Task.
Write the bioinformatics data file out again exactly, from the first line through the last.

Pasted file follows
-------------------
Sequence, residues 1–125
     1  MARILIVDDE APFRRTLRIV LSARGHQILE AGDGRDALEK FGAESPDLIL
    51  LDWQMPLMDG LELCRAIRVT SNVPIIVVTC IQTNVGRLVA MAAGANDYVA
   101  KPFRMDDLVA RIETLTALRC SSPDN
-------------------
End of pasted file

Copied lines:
Sequence, residues 1–125
     1  MARILIVDDE APFRRTLRIV LSARGHQILE AGDGRDALEK FGAESPDLIL
    51  LDWQMPLMDG LELCRAIRVT SNVPIIVVTC IQTNVGRLVA MAAGANDYVA
   101  KPFRMDDLVA RIETLTALRC SSPDN